Wednesday, April 15, 2009

Happy Tax Day

Shifter here. Tax day is such a touchy subject that I need a disclaimer.

This post may piss some people off. If so, my apologies - I'm not trying to piss you off. I'm ranting a bit, but not to piss you off. Just ranting here. I've got a few facts here and there but this is mostly opinion, so take it for what it's worth. Also, I haven't discussed this with Katy, so if you hate it, it's all me, not her :o)

It seems appropriate, on this, the 15th of April, when Americans everywhere are paying taxes and complaining about it, to pause and reflect on those selfsame taxes. Americans simply love to complain about taxes. Have you noticed that? I mean if you want to get people going, talk about taxes. If you want to mobilize a voting block, talk about taxes. If you want to eat up hours of television or air time, talk about taxes. If you want to annoy the hell out of me ... you get the picture.

What bugs me about complaining about taxes is not that I think they should not be discussed. On the contrary. Taxes are a primary means of both facilitating the will of the government (by collecting resources that fund it) and of implementing that self same will (by preferentially helping or hindering segments of society through tax breaks or increased taxes). In a democracy, where presumably people have some direct influence on who is in the government, and consequently an indirect influence on what is taxed and how taxes are spent, taxes thus represent an expression of the will of the people. They are one of the main ways that we contribute to society as a whole. So of course, they should absolutely be discussed, scrutinized, analyzed, and periodically reformed as needed. We should study them and find if we approve or disapprove of how the government is expressing our will. I often don't approve, but that's not the point of this post.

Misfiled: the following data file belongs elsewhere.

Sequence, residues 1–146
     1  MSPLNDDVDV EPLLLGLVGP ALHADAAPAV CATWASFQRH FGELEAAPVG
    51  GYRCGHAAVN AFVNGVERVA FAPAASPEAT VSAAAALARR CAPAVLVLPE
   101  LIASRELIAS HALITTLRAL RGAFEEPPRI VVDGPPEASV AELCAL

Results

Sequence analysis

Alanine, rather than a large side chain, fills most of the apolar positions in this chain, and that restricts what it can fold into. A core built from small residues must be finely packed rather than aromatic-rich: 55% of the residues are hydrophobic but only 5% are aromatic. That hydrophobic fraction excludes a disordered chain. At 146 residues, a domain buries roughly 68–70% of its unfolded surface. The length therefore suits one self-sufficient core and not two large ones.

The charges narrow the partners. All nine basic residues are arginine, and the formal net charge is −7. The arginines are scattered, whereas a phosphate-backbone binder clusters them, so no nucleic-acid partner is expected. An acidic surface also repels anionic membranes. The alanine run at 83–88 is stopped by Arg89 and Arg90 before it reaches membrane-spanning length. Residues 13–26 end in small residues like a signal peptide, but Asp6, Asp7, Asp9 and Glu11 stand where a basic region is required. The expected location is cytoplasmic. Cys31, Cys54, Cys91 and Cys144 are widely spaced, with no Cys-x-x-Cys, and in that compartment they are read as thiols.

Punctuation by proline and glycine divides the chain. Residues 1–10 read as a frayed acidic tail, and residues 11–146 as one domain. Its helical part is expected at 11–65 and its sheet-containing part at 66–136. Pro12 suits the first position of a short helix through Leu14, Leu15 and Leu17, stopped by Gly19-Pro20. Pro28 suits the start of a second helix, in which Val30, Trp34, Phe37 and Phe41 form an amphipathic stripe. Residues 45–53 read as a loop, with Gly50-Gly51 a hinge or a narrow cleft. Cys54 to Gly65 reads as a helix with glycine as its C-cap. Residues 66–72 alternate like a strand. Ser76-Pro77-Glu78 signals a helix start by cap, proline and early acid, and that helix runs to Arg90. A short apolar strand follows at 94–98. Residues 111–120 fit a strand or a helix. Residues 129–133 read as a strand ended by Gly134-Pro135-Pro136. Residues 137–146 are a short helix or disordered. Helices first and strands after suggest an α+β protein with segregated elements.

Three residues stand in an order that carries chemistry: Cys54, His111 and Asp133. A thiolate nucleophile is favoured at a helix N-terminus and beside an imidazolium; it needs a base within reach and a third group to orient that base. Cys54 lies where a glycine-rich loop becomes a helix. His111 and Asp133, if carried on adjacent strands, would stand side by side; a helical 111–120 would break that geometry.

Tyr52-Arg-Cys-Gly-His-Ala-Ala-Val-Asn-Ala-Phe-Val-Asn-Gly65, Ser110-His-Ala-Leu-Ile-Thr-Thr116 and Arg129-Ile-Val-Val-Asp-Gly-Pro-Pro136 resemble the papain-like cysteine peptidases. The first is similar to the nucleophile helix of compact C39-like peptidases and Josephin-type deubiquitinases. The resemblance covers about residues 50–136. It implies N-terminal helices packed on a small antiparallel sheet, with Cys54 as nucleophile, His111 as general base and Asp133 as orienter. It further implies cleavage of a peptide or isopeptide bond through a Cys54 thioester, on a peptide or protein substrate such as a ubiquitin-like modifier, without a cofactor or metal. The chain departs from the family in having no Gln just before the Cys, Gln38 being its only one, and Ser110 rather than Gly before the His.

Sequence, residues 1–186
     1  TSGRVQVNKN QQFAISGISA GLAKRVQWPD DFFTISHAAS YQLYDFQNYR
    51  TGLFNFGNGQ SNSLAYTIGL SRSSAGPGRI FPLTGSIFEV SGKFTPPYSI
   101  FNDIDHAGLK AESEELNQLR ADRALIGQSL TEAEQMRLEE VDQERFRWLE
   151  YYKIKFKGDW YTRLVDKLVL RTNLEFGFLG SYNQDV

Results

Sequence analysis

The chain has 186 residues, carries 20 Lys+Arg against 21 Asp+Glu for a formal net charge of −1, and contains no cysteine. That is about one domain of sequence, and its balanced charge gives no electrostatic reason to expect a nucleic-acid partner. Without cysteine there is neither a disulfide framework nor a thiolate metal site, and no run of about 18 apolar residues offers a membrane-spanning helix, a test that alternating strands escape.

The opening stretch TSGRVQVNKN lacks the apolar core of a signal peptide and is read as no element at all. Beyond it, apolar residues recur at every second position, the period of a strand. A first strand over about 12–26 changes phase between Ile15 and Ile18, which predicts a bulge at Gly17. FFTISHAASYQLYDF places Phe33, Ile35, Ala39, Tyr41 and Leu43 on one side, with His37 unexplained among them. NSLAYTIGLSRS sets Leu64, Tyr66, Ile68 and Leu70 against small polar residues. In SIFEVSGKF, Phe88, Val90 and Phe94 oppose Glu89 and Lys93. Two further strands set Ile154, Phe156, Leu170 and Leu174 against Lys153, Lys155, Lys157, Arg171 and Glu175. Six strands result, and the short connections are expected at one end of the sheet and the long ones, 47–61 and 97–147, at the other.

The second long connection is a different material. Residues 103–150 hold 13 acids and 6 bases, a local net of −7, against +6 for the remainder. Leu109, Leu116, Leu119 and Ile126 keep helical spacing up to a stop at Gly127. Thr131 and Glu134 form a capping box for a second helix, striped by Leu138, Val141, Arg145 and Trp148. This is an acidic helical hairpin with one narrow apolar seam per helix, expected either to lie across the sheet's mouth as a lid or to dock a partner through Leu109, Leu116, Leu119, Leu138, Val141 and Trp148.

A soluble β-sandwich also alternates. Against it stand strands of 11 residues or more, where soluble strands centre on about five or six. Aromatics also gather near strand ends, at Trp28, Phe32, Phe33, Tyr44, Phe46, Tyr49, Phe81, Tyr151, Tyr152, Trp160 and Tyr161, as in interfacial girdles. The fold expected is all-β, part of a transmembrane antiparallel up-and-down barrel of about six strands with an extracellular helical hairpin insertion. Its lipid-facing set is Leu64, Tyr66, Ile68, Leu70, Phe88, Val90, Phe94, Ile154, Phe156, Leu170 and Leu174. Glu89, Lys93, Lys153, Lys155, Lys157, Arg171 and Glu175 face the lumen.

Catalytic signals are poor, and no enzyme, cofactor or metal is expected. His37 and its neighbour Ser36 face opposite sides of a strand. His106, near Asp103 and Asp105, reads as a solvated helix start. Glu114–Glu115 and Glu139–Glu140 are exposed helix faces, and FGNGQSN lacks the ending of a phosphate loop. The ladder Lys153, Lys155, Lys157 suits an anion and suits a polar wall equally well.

What I object to, as you can already tell from my preceding sentences, is the idea that taxes represent some form of theft, from individuals, by the government. That idea seems ridiculous to me if you believe we live in a democracy. Oddly enough the same people who are the most shrill about how glorious American democracy is are also the most strident in their yelling about taxes. If democracy is as wonderful as you say, then aren't taxes an implementation of your will? If that's the case, what are you whining about? How else do you think a society will take care of itself, both on an internal and external front? Guess what part of government eats up the largest part of our tax dollars? It isn't welfare. It isn't social security. It's foreign affairs, including national defense. Yup, the armed forces. The same people who yell the loudest about taxes are also the people who yell the loudest about needing a strong armed forces. Isn't that a little inconsistent? Those same people also yell the loudest about cutting programs that are, for the most part, a relatively small part of the national budget. To me, paying taxes isn't being robbed - it's being responsible. Paying for services and caring for others. It's easy to hate the government, and mistrust it, but what corporation do you want to trust to police your streets, secure your borders, safeguard public health, (I'm having to stretch to type this next one) regulate your markets? I'm not saying the government does a great job for this, but I'm questioning the idea that we should expect it to be done for free, or that "private industry" could magically do it all better, cheaper, and more dependably. If Wallstreet has shown us nothing else, it's that the market does not always lead to the most reliable outcome.

The whole tax debate gets even more ridiculous. When I was in undergrad, back in the 1990s, the US had some of the lowest tax rates in the industrialized world. The lowest. And people complained. Since then a lot of things have changed. But that hasn't. In 2000 we continued to be in the lower end of the spectrum. Then, under Bush, we cut them. So guess what, we spend lots less on taxes than other countries. At the same time, we have the largest and most advanced military in the world. Which ain't cheap. So why are we all complaining?

I guess there are loads of answers to that - some of which are good and some that aren't. One reason is I think most of us are misinformed. People are really surprised when I suggest we have a low tax rate. They're just stunned. That's a bad reason. People also feel out of touch with the government, that they have no say in what is happening - that's unfortunate but it makes sense to me as a reason. And people are worried about spending a lot of money when the government doesn't have a lot. That's a great reason. The only problem with that in the context of a tax debate is that it just seems to me one responsible thing to do about that is to .... raise taxes.

Thanks for listening to the rant. I'll keep the politics down in the next few posts :o)

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